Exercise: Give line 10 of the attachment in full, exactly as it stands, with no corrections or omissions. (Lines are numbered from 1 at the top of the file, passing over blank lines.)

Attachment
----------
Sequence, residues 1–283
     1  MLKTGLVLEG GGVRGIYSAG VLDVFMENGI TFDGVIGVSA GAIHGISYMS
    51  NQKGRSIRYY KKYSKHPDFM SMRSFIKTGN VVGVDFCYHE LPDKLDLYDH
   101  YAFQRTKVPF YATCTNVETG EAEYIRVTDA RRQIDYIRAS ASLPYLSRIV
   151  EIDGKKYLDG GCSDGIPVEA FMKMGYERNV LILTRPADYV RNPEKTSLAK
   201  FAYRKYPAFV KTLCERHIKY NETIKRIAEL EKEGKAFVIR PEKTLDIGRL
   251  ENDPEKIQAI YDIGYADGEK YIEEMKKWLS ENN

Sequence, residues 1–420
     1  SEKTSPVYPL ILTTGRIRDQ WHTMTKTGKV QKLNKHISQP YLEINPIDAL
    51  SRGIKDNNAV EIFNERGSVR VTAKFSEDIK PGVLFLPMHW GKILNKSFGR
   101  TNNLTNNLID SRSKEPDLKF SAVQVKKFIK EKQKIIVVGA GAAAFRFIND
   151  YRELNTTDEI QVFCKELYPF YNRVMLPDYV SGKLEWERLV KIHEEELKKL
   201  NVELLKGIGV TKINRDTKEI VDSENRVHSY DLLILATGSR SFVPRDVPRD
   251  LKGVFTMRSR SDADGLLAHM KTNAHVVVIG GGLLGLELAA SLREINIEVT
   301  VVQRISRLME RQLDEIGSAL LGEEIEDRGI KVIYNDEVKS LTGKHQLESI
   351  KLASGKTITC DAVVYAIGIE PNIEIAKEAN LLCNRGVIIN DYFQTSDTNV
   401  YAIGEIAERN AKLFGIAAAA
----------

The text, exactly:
    51  SRGIKDNNAV EIFNERGSVR VTAKFSEDIK PGVLFLPMHW GKILNKSFGR